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A Musical Feast: The Tanglewood Picnic and a Recipe for Whisky Sours that serves 106!

Tanglewood.Cover

As summer turns to fall, it is time to celebrate with at least one last giant picnic. If you are looking for inspiration, you will find it in The Tanglewood Picnic: Music and Outdoor Feasts in the Berkshires, a book that honors this grand tradition since its beginnings in 1937.

If anything brings people together as much as food, it is music. In Tanglewood these two traditions are intertwined. Each summer, 120,000 music lovers flock to the Boston Symphony Orchestra’s summer home in Lenox, Massachusetts, to picnic during concerts.   Over the years, attendees have been serenaded by some of the world’s greatest musicians including  Leonard Bernstein, Aaron Copeland, Yo-Yo Ma and many popular artists including James Taylor.

In the old days, simple picnics of sandwiches, soda, and cookies from Blue Heaven Turkey Farm, Samel’s Deli, and Angelina’s Subs were the norm. Al fresco dining at Tanglewood took a gourmet turn in the 1970s and ’80s with the establishment of Nejaime’s Wine Cellars, Crosby Catering, and Guido’s Fresh Marketplace. Nowadays everything goes–from casual grab-and go-sandwiches, paper napkins, and finger foods to fancy fixings complete with lace tablecloths, candelabras, and crystal goblets. Many picnickers have their own picnic food and drink traditions—from lobster sliders to signature cocktails.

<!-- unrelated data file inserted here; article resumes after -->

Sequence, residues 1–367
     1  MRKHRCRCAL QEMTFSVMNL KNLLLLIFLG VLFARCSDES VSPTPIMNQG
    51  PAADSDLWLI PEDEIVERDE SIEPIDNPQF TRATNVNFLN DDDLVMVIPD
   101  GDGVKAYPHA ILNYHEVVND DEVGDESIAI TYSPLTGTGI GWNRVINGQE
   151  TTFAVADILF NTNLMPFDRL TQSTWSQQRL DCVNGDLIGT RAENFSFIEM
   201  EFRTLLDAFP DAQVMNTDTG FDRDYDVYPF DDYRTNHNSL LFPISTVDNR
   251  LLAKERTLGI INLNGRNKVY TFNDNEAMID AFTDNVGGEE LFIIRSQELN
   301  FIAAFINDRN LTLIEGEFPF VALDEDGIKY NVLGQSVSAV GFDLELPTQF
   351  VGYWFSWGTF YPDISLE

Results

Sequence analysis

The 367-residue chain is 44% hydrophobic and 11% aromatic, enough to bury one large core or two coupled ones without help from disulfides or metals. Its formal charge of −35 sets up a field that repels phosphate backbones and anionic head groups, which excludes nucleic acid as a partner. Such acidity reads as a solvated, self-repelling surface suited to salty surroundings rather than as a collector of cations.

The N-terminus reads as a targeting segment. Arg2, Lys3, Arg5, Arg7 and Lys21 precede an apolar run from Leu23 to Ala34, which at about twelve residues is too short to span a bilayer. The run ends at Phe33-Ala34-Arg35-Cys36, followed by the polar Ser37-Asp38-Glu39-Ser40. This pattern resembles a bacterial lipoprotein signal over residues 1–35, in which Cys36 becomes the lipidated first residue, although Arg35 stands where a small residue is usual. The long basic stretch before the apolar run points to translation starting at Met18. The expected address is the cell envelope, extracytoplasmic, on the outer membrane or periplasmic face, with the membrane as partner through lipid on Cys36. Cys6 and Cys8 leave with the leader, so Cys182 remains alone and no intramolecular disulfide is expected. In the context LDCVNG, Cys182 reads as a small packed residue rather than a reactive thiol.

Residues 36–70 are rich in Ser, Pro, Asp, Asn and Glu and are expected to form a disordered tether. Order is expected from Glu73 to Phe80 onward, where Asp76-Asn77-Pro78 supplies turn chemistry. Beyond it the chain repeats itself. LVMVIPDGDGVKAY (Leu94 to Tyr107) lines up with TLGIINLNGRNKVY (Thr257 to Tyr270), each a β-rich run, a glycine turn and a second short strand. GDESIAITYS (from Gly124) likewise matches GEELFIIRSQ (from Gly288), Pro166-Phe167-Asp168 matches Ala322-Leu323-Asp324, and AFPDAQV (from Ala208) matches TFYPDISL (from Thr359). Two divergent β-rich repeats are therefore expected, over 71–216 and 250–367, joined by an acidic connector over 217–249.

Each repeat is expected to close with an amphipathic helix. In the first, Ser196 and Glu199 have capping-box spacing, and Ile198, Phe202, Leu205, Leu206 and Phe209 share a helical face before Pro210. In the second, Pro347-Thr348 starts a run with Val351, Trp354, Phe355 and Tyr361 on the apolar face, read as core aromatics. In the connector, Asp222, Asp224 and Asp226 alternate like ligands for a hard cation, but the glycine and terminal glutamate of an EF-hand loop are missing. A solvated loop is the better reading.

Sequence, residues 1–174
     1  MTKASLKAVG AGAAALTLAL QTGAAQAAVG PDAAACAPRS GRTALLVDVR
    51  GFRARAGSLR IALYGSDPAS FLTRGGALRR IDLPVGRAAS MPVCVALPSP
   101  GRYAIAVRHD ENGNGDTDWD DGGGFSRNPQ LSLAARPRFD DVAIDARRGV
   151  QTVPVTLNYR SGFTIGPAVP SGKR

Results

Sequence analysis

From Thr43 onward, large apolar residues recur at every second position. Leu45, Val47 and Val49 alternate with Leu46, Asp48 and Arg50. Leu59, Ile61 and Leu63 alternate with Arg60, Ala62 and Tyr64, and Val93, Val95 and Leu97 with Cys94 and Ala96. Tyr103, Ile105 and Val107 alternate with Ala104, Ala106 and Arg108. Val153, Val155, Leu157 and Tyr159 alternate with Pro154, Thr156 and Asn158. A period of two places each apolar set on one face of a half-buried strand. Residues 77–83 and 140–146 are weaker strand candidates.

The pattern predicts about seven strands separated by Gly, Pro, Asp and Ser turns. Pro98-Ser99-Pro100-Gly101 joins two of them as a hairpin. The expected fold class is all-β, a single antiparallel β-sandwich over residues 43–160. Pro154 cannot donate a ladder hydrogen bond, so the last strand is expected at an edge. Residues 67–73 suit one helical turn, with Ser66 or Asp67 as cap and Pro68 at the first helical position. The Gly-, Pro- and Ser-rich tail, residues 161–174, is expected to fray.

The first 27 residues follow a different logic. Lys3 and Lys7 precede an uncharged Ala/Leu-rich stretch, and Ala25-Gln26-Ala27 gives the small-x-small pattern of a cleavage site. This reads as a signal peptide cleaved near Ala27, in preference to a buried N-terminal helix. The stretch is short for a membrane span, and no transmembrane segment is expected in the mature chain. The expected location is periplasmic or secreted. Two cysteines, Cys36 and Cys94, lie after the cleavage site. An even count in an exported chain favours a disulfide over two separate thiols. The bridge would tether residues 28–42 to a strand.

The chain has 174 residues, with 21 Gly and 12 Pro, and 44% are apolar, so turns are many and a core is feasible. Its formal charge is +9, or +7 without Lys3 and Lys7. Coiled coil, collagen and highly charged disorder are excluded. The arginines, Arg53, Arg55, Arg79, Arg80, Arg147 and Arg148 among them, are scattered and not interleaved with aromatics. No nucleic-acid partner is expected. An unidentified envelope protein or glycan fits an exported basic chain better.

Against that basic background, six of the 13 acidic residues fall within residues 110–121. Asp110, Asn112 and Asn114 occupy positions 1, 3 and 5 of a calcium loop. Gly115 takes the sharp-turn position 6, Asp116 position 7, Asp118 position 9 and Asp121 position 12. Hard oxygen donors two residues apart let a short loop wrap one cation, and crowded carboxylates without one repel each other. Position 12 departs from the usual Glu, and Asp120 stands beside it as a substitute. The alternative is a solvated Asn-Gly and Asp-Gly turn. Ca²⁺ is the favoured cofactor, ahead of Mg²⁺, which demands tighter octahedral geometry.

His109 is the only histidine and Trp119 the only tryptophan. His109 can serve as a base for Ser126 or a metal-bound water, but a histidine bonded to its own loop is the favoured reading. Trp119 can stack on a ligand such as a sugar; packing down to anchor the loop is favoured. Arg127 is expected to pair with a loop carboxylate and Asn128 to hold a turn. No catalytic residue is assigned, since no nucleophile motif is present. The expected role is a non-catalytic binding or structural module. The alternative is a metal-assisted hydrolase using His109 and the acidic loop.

Author Gina Hyams moved to the Berkshires ten years ago and became enchanted with the grand Tanglewood picnic ritual—how it’s both fancy and populist. She loves the magic of “lying on the picnic blanket and watching the moon rise and the stars come out as music fills the air.”